Australian authorities have launched their battle plan in a massive effort to contain an outbreak of highly contagious equine influenza.
A 72-hour nationwide ban on horse movements was to begin at 1pm on Sunday.
Sixteen horses have tested positive for the virus so far, with further cases suspected. Test results are awaited.
The outbreak has thrown Australia's racing and sport horse industry into turmoil.
The crisis began when two quarantine facilities - one west of Sydney at Eastern Creek and the other at Spotswood, Victoria, were locked down after a stallion tested positive for the virus at Eastern Creek. The second facility was locked down because some of the horses had travelled to Australia together.
However, soon after the disease appeared at Sydney's Centennial Park stables, where at least 11 horses have tested positive to the virus. Authorities have created a 10km exclusion zone around the stables.
The zone includes Randwick racecourse. The area is thought to be home to at least 700 horses.
From 1pm Sunday, all horse movements across Australia have been banned for 72 hours, pending an assessment of the ongoing risk.
In weekend developments:
Australia and New Zealand remain the only two countries with major equine populations that have remained free of the disease. Both nations have an equine population that has not been vaccinated and will have no resistance to the disease.
Its spread would see many thousands of horses contract the disease. While the respiratory disease is not fatal, veterinarians says there is a higher incidence of serious complications with equine influenza, compared with other respiratory illnesses. Complications include heart problems and pneumonia. Horses can take many weeks to regain condition after a bout.
Federal Agriculture Minister Peter McGauran told media an iron curtain has fallen. "There could be no more serious situation, to be frank," McGauran said.
"We've never had an introduction of influenza in the equine population of Australia ever before. If it was to escape beyond the stable of the horses in Centennial Park it would have a devastating effect on the horse population."
Race meetings across New South Wales have been cancelled in the wake of the outbreak, in a move which will cost the industry millions of dollars. Meanwhile, racing will go ahead in Victoria.
The outbreak is a double blow to the racing industry, with more than 25 shuttle stallions under lockdown in two quarantine facilities after one of them tested positive to the virus after arriving in the country.
It is uncertain what ramifications the outbreak will have for this year's running of the Melbourne Cup, but the lockdown would have to remain in place for only a few weeks to begin affecting the preparation of the runners. Questions also hang over the Japanese defence of the Cup, with last year's winner Delta Blues and runner-up Pop Rock in quarantine in Japan, a country also working to contain an outbreak.
Agriculture Minister McGauran said: "We won't allow ourselves to even consider the worst case scenario because we are working to contain it - otherwise the worst case scenario will eventuate."
The ongoing quarantining of the international stallions has thrown the breeding plans of at least 2000 of Australia's top thoroughbred broodmares into disarray in the short term.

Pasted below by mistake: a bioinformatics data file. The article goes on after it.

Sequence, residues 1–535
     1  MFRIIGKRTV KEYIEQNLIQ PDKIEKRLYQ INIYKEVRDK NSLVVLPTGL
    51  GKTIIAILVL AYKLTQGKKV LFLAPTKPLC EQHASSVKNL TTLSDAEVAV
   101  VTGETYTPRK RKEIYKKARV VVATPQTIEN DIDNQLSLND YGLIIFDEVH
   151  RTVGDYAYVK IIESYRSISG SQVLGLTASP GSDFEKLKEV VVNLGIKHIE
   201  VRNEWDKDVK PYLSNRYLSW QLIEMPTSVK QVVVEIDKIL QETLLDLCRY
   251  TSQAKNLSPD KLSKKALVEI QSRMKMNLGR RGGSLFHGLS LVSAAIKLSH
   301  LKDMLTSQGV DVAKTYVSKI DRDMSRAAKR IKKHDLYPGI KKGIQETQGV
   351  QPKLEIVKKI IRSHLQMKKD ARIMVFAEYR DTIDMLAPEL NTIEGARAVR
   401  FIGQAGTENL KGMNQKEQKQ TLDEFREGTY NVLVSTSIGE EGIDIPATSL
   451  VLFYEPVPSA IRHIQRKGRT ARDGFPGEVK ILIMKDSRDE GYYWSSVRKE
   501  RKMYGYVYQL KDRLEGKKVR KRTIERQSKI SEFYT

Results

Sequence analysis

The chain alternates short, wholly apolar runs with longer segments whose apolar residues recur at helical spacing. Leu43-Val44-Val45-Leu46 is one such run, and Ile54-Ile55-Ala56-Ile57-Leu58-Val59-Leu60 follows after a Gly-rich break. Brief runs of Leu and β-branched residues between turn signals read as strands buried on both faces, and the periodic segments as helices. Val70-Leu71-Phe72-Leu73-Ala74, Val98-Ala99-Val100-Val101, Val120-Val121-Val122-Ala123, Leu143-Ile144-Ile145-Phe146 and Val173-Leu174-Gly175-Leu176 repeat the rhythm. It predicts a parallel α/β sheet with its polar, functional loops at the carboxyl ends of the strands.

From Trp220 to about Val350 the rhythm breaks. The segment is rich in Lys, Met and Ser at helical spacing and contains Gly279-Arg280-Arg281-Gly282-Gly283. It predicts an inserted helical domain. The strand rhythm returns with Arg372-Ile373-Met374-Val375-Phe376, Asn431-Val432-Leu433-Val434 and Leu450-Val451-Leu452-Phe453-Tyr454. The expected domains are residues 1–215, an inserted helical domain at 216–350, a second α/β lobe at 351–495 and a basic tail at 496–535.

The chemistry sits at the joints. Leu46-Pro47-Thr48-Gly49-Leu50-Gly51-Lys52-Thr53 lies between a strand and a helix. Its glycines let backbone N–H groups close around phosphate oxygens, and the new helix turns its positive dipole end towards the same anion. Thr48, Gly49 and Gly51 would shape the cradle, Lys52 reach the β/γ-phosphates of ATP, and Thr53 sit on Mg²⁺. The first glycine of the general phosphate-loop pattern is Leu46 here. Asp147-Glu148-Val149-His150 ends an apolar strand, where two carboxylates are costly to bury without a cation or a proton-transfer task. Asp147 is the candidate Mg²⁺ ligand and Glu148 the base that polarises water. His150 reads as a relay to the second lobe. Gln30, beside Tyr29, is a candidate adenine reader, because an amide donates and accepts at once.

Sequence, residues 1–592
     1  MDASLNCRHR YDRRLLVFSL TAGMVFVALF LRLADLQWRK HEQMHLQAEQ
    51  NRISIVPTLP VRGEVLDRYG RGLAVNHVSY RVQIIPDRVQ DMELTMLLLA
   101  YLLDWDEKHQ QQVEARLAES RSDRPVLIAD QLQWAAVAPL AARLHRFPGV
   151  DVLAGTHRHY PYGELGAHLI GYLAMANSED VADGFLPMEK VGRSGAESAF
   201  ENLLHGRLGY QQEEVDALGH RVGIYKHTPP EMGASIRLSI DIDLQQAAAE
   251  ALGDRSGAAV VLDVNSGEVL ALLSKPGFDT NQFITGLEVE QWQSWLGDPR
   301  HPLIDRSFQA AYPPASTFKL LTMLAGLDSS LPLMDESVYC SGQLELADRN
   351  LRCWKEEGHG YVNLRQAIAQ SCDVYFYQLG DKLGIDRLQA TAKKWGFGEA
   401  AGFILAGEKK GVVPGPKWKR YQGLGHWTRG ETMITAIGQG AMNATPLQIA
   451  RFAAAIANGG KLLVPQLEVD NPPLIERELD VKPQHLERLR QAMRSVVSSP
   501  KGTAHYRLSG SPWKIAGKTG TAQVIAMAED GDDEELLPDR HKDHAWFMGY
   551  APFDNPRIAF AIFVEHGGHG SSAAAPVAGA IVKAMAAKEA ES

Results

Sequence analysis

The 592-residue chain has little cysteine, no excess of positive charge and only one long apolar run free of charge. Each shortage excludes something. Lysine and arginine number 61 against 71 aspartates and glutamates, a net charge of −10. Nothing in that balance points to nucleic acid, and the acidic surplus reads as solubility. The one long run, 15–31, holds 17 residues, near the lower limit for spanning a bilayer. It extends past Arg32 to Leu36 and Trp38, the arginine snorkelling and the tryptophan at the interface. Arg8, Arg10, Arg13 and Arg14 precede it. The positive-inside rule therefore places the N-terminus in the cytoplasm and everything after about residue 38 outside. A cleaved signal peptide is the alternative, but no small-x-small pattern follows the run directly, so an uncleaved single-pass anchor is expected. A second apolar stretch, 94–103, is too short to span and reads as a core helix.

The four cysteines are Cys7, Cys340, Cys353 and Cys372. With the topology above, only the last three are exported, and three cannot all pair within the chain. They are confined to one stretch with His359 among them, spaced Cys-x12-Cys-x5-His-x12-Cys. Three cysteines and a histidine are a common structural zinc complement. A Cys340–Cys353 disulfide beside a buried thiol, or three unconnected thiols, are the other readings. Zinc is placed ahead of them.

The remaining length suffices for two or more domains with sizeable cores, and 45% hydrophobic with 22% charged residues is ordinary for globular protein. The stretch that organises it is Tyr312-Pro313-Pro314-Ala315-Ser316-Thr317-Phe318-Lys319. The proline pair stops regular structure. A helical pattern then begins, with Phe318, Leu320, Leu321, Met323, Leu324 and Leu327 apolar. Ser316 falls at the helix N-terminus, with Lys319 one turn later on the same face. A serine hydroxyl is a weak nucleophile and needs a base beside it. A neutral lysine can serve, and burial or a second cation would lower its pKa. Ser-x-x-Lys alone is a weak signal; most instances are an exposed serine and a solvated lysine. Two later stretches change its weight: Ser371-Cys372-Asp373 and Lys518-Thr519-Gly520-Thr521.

The connections of the horses can either seek services to alternative stallions, or wait a month for the stallions to be released, this being contingent on no more signs of the disease at the quarantine facilities in question. However, the stallions may not be able to meet the additional demands of a backlog in time for this breeding season.
There are plans for the stallions to service hundreds of mares, with service fees in some cases approaching $A200,000.
Australia's Consultative Committee on Emergency Animal Diseases (CCEAD) announced the nationwide ban on horse movements as part of a coordinated national response consistent with Australia's veterinary emergency plan.
"The purpose is to reduce the risk of spreading infection by avoiding congregations of horses from different origins. Racing clubs and other equine associations are being asked to cancel or postpone any meetings or events.
"Owners are also being asked to limit contact between their horses and other horses as much as possible and not to move their horses.
"For events already under way, organisers are requested to contact the State Department of Agriculture regarding advice on how to manage the standstill in relation to these events. For states other than NSW, some movement of horses in transit will be allowed to continue, if they had already left their usual place of residence. They will be able to return provided that the journey can be completed expeditiously."
However, in NSW, no movements of horses are permitted at all.
MAF Biosecurity New Zealand Assistant Director General, Dr Barry O'Neil said New Zealand has moved quickly and adopted a cautionary approach, to what is an evolving situation.
"New Zealand is one of the few countries in the world that is free from Equine Influenza. MAF Biosecurity New Zealand has moved swiftly to put measures in place to protect our equine industry from this disease. We are working closely with the Australian authorities, the New Zealand equine industry and our veterinary association, and will review our position over the next two or three days, as more information comes to light."
All horses that have arrived in New Zealand since the beginning of August will be identified and their movements traced. MAF Biosecurity New Zealand has a comprehensive response plan in place, should the disease ever be found here.